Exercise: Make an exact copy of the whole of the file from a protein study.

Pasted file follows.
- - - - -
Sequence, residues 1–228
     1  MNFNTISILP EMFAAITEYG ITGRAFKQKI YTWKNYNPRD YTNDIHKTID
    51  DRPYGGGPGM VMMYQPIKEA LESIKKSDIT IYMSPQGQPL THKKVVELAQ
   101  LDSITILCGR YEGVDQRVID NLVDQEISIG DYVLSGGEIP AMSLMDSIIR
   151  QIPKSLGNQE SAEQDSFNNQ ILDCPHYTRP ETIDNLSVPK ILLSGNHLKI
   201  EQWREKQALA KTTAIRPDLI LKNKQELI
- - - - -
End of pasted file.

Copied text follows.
Sequence, residues 1–228
     1  MNFNTISILP EMFAAITEYG ITGRAFKQKI YTWKNYNPRD YTNDIHKTID
    51  DRPYGGGPGM VMMYQPIKEA LESIKKSDIT IYMSPQGQPL THKKVVELAQ
   101  LDSITILCGR YEGVDQRVID NLVDQEISIG DYVLSGGEIP AMSLMDSIIR
   151  QIPKSLGNQE SAEQDSFNNQ ILDCPHYTRP ETIDNLSVPK ILLSGNHLKI
   201  EQWREKQALA KTTAIRPDLI LKNKQELI